Nauseous. Not a good feeling when on a rock-climbing expedition and too far along to turn back.
In my effort to try new things this year, I signed up for a rock-climbing trip last weekend that I heard of via Sade’s List (a newsletter providing recommendations on local spots and activities in Lagos). It was hosted by Active Tourism, which organizes fitness retreats. I’m not really the “outdoorsy” type – movies, music, and reading have historically held more appeal than adrenaline-filled activities – but I have been blessed with quite a few adventurous friends who would never let me stay in my home cinema bubble.
So you can imagine when I felt ill half-way up Olumo rock, my internal monologue was a cycle of “Who asked you to go climb a rock this weekend?” and “There was a perfectly good (indoor) brunch you could have gone to instead”. Right then, I knew the intense afternoon heat that had developed by the time we arrived (a bit later than scheduled) combined with my enthusiastic pace on the first half of the climb, had left me dehydrated. To my chagrin, my trusty water bottle was right where I’d left it – on the bus. At this point, I was falling behind the group and had to ask one of our trip organizers for help. Unfortunately, she didn’t have any extra on hand – apparently those were on the bus as well. However, she took it in stride and went back down the rock to get some water for me while I sat down in the shade trying not to feel like the most un-fit person in the galaxy. After a while she returned with water for me and the other participants. Thankfully, that bottle of water was exactly what I needed and I was able to catch up with the rest of the crew to enjoy the remainder of the climb.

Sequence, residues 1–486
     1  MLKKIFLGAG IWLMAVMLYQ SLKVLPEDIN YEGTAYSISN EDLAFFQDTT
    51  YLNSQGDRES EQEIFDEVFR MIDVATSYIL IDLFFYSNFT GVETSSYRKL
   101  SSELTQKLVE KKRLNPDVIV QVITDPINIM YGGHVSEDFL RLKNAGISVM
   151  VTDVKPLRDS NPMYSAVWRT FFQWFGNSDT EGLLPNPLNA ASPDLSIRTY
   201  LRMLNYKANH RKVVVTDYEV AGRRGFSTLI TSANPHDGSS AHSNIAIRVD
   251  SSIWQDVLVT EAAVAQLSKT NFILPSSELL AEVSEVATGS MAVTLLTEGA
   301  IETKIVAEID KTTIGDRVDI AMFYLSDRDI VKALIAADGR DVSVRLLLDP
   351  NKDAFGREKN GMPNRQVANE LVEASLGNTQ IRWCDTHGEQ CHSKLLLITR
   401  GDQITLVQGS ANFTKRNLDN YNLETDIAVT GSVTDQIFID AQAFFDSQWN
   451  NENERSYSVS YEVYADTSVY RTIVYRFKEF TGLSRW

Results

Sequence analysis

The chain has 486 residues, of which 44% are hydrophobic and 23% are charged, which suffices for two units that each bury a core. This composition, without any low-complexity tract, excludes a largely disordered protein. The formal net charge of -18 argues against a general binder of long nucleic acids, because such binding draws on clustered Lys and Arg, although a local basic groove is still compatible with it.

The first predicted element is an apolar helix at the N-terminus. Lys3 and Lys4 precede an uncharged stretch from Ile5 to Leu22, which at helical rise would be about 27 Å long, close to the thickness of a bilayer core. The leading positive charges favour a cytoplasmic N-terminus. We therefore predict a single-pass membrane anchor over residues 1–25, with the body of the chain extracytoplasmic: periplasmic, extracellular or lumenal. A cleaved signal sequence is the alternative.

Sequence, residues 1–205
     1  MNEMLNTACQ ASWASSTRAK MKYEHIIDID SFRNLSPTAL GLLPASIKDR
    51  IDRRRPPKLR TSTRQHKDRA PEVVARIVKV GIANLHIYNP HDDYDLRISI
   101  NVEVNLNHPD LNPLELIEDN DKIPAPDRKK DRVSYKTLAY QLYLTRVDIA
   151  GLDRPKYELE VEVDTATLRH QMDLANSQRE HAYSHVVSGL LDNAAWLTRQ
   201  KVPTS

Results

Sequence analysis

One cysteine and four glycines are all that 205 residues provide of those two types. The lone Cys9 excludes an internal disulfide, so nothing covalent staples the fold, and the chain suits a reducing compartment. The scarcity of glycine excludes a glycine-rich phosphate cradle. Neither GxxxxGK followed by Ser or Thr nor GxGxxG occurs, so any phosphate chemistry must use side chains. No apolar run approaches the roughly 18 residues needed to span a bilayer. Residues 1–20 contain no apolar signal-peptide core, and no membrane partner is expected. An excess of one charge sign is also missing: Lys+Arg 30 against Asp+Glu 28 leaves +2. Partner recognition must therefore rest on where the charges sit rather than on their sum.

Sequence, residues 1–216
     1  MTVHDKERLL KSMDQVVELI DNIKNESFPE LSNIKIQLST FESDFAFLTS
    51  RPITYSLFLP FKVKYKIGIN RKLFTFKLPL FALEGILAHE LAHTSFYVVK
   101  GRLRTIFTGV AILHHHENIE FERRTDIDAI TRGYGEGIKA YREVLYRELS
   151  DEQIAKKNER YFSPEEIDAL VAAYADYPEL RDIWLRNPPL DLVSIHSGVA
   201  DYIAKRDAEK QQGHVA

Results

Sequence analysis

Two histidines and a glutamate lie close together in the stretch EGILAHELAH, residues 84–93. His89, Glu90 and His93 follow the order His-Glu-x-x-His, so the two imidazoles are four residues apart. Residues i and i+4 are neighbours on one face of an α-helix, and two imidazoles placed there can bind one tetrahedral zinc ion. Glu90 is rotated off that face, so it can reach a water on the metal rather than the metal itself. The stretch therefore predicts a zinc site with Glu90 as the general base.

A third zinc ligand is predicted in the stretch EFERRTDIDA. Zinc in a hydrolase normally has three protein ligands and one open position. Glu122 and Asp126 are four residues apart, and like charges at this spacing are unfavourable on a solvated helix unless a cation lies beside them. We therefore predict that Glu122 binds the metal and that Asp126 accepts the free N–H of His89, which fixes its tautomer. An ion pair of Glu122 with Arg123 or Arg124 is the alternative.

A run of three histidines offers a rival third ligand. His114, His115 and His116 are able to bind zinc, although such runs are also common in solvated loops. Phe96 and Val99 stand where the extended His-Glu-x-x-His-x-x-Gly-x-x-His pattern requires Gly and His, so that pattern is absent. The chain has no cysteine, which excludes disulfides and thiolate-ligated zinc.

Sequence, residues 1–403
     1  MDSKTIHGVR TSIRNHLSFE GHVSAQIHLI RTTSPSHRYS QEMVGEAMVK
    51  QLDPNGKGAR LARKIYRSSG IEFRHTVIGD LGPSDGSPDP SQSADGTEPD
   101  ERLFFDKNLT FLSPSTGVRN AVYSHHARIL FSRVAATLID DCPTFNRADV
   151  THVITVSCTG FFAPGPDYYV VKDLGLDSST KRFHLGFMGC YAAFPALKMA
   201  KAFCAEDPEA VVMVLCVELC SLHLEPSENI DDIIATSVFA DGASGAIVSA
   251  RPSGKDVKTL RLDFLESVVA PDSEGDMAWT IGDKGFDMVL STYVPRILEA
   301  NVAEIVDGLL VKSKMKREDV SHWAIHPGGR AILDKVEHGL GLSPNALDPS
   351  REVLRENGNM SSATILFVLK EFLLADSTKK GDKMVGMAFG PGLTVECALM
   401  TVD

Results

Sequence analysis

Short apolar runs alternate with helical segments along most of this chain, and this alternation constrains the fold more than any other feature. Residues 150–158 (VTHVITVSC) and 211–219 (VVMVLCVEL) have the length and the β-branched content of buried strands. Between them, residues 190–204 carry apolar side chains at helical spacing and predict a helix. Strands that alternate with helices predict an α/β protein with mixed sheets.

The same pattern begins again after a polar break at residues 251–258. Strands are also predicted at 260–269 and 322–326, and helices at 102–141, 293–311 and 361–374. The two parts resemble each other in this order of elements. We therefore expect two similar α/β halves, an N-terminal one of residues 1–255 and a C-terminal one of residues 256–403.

Scenarios like these can make or break an experience and it’s important when your business involves planning events or activities – especially one with a lot of variables – that a business owner and her team assess the risks and potential issues that might arise at various stages. However, you can’t plan for everything – if you try to it’s unlikely you’ll ever get off the ground (or ever leave your house for that matter). The best you can do is mitigate risk, which could be as simple as using the 80-20 rule to assess the most likely scenarios. And of course, there should be continuous improvement. Take the opportunity after every event to gather feedback from your customers – they are your best insight into opportunities for growth in the future.
Overall, it was a fun trip and I’m definitely glad I went. The team at Active Tourism did a great job putting it all together – especially in the middle of an unexpected fuel crisis. If you know of any interesting activities or experiences that might expand my horizon, I’d love to hear about them in the comments section!